The sport of swimming is versatile. You can compete with different strokes, distances, and even the water you swim in. Some people prefer the calm, organised precision of the pool, while others like the unpredictability of the open water. 

There’s no wrong answer and you might like both for different reasons. For those looking to come out of the pool and dip their toes into the sea, there are a few considerations to make with open water swimming.


The swimming costume you wear when competing is hugely important. It doesn’t matter where you’re swimming, if your costume is baggy, restrictive, or uncomfortable, it could slow you down and make swimming harder. We want to be comfortable and streamlined and competitive swimmers wear skin-tight stretchy costumes tailored for the sport. While this might also be true for open water swimming, be aware you may need to buy a wetsuit to swim. 

What you wear depends on the temperature of the water. According to the rules of open-water swimming, if the temperature is between 17.9°C and 16°C, wetsuits are compulsory. If it’s between 19.9°C and 18°C, swimmers can choose to wear a wetsuit or not. And, if the water temperature is 20°C or above, swimmers shouldn’t wear a wetsuit. This protects you from the dangers of hypo/hyperthermia when competing. Hypothermia is if you get too cold; hyperthermia is if you get too hot.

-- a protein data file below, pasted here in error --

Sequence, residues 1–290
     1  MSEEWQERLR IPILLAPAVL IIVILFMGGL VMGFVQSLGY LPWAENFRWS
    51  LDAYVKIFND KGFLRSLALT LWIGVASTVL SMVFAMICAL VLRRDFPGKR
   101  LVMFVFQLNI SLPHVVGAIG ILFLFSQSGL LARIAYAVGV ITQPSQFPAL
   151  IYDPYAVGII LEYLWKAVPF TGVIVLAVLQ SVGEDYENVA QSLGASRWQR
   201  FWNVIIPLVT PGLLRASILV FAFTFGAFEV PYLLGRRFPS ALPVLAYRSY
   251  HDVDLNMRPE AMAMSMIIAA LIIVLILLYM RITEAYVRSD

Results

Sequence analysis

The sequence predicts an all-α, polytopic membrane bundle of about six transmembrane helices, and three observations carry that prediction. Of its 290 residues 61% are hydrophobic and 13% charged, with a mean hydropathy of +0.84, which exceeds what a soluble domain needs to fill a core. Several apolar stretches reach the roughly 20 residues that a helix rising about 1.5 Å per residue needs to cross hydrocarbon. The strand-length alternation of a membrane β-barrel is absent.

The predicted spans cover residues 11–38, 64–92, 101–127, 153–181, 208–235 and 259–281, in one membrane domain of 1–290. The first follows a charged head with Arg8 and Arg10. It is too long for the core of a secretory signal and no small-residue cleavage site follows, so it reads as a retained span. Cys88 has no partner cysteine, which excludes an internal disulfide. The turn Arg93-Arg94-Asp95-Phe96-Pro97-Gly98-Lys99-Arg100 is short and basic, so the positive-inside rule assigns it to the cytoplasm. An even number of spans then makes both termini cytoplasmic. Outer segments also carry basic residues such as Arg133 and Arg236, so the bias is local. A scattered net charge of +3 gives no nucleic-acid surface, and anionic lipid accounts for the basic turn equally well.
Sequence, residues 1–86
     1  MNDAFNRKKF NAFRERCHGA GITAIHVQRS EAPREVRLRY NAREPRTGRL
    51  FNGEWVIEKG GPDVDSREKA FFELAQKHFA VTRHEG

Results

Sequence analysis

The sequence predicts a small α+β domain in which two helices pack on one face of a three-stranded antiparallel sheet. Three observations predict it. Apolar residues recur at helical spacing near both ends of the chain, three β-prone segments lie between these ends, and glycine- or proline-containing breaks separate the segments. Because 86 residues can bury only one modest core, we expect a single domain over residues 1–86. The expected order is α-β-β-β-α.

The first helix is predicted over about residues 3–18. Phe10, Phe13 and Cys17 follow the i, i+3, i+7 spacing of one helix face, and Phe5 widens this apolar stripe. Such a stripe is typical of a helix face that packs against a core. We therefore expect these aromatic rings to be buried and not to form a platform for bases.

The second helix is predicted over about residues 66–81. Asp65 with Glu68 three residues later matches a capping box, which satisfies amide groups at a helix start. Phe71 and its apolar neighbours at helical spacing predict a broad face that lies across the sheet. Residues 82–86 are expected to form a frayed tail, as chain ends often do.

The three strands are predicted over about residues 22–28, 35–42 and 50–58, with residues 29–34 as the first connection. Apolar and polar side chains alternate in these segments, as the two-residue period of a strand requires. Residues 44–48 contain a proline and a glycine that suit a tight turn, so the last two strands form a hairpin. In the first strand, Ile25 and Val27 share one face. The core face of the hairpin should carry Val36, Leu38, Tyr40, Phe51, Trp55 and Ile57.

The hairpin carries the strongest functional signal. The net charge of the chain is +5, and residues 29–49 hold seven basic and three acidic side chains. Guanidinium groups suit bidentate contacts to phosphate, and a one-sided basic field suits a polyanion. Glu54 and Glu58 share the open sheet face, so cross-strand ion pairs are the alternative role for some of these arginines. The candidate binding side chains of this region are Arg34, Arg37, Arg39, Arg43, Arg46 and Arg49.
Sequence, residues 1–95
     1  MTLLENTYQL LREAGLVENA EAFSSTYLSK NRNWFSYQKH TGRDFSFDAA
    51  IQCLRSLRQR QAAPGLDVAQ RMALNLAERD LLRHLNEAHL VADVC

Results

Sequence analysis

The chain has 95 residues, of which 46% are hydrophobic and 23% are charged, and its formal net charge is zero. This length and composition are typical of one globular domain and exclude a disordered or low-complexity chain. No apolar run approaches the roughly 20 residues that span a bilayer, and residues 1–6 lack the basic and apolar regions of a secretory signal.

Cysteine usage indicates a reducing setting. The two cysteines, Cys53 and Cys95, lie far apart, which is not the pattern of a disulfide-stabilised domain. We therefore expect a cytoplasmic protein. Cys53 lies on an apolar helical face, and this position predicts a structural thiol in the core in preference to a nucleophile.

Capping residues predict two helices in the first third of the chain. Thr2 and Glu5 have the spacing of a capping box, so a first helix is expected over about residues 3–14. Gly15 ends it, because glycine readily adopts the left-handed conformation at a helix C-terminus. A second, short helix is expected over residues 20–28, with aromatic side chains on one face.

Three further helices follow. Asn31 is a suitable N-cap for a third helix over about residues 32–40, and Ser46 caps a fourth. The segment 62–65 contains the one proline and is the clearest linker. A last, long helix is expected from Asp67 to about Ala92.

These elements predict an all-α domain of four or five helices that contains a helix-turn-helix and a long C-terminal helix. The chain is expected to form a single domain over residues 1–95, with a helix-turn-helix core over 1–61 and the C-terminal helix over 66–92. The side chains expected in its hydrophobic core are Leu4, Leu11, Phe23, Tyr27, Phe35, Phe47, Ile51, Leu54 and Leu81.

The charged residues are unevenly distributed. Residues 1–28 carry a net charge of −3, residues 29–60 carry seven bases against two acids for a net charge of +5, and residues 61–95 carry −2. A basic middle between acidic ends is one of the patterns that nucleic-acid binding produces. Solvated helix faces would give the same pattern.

Knowing how to sight

Sometimes, winning in open water swimming doesn’t come down to speed like in the pool, it comes down to open-water swimming skills and who has mastered them. In a swimming pool, tiles, lines, and floats help to define the lanes clearly. In the open water, a vague idea of where you’re heading is all there is. This sometimes causes people to swim on curved lines, which adds to the distance and time they take to swim. Learning how to sight and swim straight takes practice, but it’s an essential part of staying safe and swimming strong during competitions.

Never panic

One of the worst things you can do in the open water is panic. Maybe you can’t see properly because of leaking goggles, maybe the water is freezing, or perhaps you’re crammed amongst hundreds of other athletes battling for top position. If you’re uncomfortable, try not to panic as this can lead to exhaustion. Instead, focus on keeping your breathing steady and your stroke smooth just like you would in the pool. Try to find some space for yourself, even if it’s to float or tread water and gather your breath, then get ready to power on. Remember, breathing is crucial. It might sound like an obvious tip, but when you’re in open waters it’s all too easy to forget the basics and start panicking.

Open-water swimming differs from swimming in the pool. You have to battle waves, throngs of other swimmers, extreme temperatures, and you need to be on the top of your game because there is nowhere to put your feet down and no sides to hold. It’s a challenge, but one that many people love when they give it a try.

At Maru, we make swimwear for all swimmers. Whether you bring your A-game to the pool or battle it out in the open water, our swimwear is made of high-quality materials and retains its shape swim after swim. Some are even made with Lycra Xtra Life which provides excellent fit and performance. Take a look at our costumes on our website